Researchers have identified a genetic variant, 2R thymidylate synthase polymorphism, that is associated with an increased risk for avascular necrosis in children with ALL.
Researchers have identified a genetic variant, 2R thymidylate synthase (TS) polymorphism, that is associated with an increased risk for avascular necrosis (AVN) in children with acute lymphoblastic leukemia (ALL), according to the results of a study (abstract 251) presented at the American Society of Hematology (ASH) 57th Annual Meeting and Exposition.
“Interestingly, we saw a difference by age category. Young patients with this variant had almost a threefold increased risk of osteonecrosis, while older patients with this variant had almost a twofold increased risk for fracture,” said Peter D. Cole, MD, of Albert Einstein College of Medicine, who presented the results during a press conference.
According to the presentation, TS is a folate-dependent enzyme necessary for DNA synthesis, and methotrexate, commonly used in the treatment of leukemia, inhibits TS function.
“Patients who were homozygous for the 2R variant have less expression of the TS protein which we would predict would lead to increased sensitivity to methotrexate,” Cole said.
Fractures and AVN in children with ALL result in significant pain and loss of function. Although previous research has shown that risk for bony toxicity is associated with older age and exposure to drugs such as corticosteroids, asparaginase, and methotrexate, Cole and colleagues sought to identify additional risk factors for AVN.
In this study, the researchers isolated genomic DNA from peripheral blood or bone marrow taken from 637 patients between 2005 and 2010, and tested it for 19 common polymorphisms targeting variants within genes related to glucocorticoid metabolism, oxidative damage, and folate physiology.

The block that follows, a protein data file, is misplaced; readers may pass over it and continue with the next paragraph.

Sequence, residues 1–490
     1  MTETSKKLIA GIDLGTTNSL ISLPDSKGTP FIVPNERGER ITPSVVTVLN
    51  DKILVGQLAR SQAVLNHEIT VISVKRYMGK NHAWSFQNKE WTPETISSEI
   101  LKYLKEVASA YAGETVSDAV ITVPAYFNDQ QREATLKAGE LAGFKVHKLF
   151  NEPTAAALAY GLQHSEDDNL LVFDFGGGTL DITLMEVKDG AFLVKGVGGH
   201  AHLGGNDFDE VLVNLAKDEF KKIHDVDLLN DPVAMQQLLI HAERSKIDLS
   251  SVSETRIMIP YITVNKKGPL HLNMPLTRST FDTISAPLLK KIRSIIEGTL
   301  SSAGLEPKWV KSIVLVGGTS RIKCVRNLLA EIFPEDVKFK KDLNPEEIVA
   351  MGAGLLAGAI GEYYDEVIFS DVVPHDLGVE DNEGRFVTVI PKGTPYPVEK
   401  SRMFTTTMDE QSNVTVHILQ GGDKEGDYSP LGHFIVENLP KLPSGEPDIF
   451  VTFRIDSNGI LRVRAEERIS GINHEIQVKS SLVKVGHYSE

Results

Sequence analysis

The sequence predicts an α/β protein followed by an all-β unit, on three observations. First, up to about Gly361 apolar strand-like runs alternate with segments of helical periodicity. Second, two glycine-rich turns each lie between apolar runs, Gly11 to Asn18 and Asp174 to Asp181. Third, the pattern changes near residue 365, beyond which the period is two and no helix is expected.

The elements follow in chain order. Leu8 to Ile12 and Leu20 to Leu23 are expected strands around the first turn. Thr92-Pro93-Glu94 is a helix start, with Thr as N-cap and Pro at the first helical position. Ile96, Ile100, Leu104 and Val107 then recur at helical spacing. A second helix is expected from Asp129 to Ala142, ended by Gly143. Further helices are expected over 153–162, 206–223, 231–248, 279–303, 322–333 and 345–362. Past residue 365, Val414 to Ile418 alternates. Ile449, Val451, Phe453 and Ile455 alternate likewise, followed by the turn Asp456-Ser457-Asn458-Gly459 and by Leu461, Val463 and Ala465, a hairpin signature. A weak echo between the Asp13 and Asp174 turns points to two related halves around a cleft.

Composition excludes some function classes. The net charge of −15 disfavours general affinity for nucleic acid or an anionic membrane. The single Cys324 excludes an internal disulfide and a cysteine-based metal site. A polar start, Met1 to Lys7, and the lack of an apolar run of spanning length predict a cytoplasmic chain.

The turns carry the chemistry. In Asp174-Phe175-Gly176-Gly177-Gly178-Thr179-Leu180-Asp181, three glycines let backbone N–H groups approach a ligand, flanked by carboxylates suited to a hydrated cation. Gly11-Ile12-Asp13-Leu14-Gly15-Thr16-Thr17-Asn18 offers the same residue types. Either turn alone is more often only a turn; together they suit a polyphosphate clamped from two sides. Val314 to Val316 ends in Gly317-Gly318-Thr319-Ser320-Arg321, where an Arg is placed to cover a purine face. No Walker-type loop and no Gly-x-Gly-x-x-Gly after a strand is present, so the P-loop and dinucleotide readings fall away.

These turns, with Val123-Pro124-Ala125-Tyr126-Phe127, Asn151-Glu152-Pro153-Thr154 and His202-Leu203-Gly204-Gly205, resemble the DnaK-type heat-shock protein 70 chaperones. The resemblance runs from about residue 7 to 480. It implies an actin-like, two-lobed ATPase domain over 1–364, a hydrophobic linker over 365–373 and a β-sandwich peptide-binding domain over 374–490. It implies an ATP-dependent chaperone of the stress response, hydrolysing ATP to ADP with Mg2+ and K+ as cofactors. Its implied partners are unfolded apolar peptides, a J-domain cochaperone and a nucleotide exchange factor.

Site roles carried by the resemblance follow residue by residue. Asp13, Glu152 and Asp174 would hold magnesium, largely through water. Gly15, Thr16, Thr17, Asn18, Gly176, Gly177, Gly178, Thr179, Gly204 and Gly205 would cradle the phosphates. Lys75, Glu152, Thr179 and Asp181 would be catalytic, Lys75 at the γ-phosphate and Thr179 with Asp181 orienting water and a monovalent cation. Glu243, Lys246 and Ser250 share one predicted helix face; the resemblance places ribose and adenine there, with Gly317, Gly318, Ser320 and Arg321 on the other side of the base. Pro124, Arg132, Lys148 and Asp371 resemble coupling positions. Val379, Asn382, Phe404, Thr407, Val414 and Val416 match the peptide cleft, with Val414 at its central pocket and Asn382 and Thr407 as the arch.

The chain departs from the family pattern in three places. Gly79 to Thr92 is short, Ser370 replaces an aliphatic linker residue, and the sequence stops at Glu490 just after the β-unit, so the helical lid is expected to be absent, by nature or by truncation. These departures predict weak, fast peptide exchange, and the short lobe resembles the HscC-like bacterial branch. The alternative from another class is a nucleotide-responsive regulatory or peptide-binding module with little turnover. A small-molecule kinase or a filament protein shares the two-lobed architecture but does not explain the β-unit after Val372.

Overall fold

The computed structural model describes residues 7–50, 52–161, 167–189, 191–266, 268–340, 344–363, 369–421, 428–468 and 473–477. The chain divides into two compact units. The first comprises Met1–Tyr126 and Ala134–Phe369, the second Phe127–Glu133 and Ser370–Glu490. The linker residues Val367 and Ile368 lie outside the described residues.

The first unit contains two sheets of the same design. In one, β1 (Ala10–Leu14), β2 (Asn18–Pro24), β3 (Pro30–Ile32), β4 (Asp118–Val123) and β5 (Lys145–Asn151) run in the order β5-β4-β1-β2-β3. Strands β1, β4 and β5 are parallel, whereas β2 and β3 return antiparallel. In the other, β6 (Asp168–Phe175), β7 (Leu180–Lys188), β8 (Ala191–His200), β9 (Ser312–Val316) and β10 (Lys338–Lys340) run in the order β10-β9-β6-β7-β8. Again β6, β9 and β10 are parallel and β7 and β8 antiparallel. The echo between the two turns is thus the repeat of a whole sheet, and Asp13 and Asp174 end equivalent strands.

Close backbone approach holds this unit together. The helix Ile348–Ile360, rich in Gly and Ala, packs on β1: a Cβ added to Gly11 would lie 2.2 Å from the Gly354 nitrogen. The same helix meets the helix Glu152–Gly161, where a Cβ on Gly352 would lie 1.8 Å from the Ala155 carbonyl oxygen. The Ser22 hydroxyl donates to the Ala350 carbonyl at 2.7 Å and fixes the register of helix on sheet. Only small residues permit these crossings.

The rate of AVN among these patients was 9.7% with 22% of patients having one or more fractures.
Because incidence of bony morbidity was significantly different between children older and younger than 10, the researchers looked at the relationship between polymorphisms and bony morbidity separately in these age groups.
They found that about one in five patients (20.6%) had homozygosity for the 2R TS polymorphism. Among children younger than 10, patients with the 2R/2R variant had an increased 5-year estimated incidence of AVN compared with patients with the 2R/3R or 3R/3R genotypes (11.6% vs 4.1%).
A multivariable risk regression model estimated that children younger than 10 with this polymorphism had about a threefold increased risk for osteonecrosis (adjusted hazard ratio [HR], 2.92; P < .01) compared with those without it. In children 10 or older, the 2R polymorphism was associated with about twice the risk for bony fracture (HR, 2.13; P < .01).
“Going forward patients who have this variant should probably have increased surveillance for bone toxicity,” Cole said during the press conference. “[The data] supports the importance of the chemotherapy drug methotrexate in the pathogenesis of bone toxicity, but, interestingly, suggests that the pathophysiology may be different between younger and older patients.”